Today when we’re looking for interior design inspiration, our first port of call is often a website or app like Pinterest or Instagram, where we have access to countless ideas at our fingertips. However, even though it’s hard to remember a time without the internet, things weren’t always this way, and budding interior designers had to look elsewhere for their stimulus.
We’re taking their lead with our latest Reads: The Bed and Bath Book by Terence Conran. Published in 1978, the book is a collection of celebrated interior designer Conran’s most interesting bed and bath-based achievements; a love letter to two of the home’s most personal spaces.
Conran himself rose to prominence as a designer in the mid-20th Century, starting his own practice and designing a shop for the iconic Mod fashion designer Mary Quant in the 1950’s. Over the years, he has retained his status as one of the most beloved names in British design. As the founder of the Habitat furniture retail chain, he has remained synonymous with stylish but accessible furnishings throughout his career.
What we really admire most about Mr. Conran, however, is his unbeatable eye for transforming a room into a haven - particularly evident in The Bed and Bath Book. The overwhelming mood of the book is one of peace and tranquility, and whilst bedrooms and bathrooms are primarily functional spaces, Conran’s vision for each of the interiors he presents is clearly informed by the desire to create a restful, satisfying space whilst also gesturing towards practicality.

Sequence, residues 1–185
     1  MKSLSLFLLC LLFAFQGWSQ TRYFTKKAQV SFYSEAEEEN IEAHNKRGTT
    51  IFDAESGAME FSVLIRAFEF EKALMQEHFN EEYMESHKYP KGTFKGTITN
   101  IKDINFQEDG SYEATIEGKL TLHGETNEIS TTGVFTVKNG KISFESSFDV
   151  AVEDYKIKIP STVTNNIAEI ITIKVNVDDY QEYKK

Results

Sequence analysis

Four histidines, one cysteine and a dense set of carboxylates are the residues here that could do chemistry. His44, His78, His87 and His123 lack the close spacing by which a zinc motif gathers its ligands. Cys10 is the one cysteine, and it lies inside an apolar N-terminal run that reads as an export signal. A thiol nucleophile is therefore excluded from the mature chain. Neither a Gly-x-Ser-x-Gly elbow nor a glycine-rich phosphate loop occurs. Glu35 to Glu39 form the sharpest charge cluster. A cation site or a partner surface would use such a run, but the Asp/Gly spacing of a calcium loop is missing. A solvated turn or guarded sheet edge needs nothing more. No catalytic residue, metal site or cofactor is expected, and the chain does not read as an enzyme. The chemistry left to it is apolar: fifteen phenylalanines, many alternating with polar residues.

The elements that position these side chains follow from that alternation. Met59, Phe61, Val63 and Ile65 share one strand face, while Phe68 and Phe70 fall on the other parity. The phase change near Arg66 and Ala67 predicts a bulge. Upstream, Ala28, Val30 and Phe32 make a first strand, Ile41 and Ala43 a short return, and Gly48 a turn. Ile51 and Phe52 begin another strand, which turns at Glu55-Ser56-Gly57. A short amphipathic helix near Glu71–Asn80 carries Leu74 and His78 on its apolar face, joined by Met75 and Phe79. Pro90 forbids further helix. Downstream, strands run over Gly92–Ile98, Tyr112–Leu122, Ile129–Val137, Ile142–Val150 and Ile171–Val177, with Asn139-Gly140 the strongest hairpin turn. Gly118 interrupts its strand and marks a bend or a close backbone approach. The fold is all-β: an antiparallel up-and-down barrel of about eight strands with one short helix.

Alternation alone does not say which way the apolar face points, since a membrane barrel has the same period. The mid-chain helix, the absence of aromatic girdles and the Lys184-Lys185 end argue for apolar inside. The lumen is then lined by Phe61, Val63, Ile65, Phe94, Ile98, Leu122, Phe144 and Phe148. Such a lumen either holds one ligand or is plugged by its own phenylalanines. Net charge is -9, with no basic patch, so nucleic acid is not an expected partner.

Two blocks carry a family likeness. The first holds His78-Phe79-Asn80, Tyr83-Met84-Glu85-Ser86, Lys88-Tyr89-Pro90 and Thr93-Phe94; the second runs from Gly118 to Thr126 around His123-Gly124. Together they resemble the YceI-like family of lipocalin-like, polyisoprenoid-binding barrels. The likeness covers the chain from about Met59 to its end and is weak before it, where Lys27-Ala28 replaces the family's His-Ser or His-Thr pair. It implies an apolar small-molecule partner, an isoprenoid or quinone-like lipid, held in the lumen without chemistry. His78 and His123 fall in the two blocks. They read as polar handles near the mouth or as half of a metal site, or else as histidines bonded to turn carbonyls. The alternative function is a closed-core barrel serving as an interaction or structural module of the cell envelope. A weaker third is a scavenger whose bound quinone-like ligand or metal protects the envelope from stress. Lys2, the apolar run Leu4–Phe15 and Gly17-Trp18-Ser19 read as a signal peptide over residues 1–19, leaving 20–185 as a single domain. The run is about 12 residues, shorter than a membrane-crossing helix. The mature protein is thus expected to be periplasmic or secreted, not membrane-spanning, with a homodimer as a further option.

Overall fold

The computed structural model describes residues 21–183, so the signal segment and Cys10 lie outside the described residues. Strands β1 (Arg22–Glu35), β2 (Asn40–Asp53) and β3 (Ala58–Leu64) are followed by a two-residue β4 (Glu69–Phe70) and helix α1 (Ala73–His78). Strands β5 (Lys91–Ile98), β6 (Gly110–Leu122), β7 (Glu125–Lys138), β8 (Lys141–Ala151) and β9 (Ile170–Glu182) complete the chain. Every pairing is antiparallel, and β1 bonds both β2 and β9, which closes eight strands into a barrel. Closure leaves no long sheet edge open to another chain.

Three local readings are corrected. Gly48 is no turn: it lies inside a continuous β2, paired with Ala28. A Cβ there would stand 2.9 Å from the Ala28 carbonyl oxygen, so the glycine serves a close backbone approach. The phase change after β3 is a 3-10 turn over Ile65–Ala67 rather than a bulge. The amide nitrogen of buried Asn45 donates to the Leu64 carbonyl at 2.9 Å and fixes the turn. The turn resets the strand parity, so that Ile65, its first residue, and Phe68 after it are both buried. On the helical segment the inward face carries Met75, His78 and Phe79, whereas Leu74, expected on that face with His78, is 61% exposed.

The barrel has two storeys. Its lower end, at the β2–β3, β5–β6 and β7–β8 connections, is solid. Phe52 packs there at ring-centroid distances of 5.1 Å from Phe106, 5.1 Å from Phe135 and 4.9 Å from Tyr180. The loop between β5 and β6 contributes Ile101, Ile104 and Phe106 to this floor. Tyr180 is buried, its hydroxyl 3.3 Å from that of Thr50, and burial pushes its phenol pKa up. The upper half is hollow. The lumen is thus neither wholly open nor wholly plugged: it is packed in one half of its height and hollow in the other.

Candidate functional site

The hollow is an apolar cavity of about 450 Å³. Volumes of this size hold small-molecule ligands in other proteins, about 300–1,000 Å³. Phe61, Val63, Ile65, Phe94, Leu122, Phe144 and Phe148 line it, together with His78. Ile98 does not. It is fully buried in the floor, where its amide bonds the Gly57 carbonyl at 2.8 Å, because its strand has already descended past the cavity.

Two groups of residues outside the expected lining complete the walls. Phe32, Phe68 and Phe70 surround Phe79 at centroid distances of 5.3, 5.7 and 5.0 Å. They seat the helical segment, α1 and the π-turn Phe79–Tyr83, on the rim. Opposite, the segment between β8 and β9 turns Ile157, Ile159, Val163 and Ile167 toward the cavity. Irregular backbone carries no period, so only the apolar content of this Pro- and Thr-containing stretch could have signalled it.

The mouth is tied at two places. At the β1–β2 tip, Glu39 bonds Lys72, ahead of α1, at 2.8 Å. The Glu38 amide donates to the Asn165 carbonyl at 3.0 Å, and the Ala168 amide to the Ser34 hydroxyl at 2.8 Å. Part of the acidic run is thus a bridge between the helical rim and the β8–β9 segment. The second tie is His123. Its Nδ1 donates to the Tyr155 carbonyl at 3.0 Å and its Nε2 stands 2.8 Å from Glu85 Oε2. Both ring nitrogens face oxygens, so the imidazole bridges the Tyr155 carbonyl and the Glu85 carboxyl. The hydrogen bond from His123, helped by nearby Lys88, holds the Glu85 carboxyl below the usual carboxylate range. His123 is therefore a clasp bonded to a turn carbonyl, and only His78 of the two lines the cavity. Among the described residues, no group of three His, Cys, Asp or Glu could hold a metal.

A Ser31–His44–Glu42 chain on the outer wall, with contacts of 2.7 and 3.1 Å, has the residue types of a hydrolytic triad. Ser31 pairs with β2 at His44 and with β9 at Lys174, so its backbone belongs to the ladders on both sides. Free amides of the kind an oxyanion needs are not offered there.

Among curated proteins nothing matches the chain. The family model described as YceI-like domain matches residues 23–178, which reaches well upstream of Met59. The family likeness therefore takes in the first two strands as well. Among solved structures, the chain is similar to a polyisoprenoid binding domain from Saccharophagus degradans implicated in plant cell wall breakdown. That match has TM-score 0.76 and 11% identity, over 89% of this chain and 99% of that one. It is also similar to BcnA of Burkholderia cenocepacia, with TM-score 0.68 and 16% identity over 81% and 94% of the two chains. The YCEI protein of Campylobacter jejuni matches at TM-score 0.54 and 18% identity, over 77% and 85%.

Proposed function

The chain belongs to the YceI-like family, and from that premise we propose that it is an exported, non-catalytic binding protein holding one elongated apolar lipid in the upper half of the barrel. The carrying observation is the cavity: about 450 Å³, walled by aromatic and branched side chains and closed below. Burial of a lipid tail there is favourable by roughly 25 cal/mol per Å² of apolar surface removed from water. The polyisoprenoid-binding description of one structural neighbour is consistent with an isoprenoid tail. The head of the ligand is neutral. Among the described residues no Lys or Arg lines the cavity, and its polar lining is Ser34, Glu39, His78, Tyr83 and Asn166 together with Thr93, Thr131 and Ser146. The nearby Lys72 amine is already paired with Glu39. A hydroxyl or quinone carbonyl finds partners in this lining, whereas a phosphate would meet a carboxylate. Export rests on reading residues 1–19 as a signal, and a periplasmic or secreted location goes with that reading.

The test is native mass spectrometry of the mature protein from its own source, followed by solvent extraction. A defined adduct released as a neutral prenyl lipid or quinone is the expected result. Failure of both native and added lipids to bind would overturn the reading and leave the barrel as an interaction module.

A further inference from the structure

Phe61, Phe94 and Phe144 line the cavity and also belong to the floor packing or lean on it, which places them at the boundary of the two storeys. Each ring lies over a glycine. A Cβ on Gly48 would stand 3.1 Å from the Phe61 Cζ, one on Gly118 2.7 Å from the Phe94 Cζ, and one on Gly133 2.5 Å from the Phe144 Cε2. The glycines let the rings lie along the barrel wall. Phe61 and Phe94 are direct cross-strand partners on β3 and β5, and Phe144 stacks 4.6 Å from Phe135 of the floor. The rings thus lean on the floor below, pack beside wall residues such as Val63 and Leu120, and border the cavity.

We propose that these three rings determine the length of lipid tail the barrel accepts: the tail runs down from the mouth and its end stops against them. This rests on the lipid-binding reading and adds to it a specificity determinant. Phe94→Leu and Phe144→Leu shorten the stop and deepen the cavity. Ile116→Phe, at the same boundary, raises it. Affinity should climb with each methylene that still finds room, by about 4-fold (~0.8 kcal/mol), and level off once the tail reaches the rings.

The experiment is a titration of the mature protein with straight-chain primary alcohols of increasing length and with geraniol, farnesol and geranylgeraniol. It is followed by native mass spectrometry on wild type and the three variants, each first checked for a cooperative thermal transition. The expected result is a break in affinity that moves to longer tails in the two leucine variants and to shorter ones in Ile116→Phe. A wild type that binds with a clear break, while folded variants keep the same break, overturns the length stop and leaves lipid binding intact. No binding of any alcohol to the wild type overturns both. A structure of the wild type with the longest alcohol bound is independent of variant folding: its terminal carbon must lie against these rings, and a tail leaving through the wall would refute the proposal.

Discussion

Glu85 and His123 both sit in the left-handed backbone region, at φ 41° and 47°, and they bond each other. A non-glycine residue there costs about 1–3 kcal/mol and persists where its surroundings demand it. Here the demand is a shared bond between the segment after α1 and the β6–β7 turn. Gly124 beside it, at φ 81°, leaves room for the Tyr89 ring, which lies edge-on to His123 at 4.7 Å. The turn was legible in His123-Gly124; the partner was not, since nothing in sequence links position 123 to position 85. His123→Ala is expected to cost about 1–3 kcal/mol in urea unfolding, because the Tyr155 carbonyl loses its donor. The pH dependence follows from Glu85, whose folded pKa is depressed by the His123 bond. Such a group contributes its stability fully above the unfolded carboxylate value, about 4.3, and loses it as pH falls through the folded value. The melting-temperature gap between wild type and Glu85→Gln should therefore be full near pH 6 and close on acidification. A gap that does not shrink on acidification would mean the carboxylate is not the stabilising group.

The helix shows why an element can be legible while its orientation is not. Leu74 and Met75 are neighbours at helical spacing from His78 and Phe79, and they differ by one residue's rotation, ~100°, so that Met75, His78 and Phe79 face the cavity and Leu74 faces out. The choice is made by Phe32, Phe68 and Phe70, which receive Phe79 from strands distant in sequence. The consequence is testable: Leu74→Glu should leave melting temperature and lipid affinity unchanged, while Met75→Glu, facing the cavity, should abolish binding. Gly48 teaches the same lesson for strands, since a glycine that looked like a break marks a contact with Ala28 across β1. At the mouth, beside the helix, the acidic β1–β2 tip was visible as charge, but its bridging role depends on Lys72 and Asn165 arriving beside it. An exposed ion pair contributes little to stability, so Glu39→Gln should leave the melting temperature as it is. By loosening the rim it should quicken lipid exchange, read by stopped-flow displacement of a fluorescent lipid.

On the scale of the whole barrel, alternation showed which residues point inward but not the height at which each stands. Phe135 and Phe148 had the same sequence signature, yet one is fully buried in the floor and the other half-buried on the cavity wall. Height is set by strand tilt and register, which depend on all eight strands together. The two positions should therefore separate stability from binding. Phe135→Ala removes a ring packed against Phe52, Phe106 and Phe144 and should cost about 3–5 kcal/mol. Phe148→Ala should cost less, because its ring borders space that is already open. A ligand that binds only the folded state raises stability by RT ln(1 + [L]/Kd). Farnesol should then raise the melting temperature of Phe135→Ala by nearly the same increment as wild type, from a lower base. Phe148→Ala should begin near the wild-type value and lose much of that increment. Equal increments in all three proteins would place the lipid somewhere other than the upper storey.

His draping green plants, low set beds and fondness for neutral, earthy colours make a welcome contrast to the ultra polished Scandi-chic look which seems to be dominating contemporary interior design.
Conran’s penchant for prominent shelving also sends a pleasingly anti-minimalist message for the secret hoarders amongst us. Contrary to the common habit of selecting one or two books to strategically place atop a coffee table, his emphasis on often floor-to-ceiling storage seems to convey a belief that the items we accrue in our homes are important, and are there to be enjoyed - so we should be able to access all of them, and not just the ones which match the colour scheme, whenever we wish.
With their insistence on comfort, ease and charmingly unkempt soft furnishings, Conran’s bedrooms and bathrooms are designed above all to be lived in, and The Bed and Bath Book provides a fun and cosy antidote to sometimes severe Pinterest-ready interiors and Instagram accounts dedicated to pin-neat homes.
Though The Bed and Bath Book offers something of an alternative to current interior design practices, we think it’s just as innovative and inspirational as it must have been almost forty years ago. Conran shows how a space can be stylish and utilitarian, as well as feeling comfortable and lived-in. Most of all, the ethos he communicates through his publication is that a home should be just that. We quite agree, and we’ll certainly be taking a leaf out of his, erm, book…
Cover image: Drydockshop.com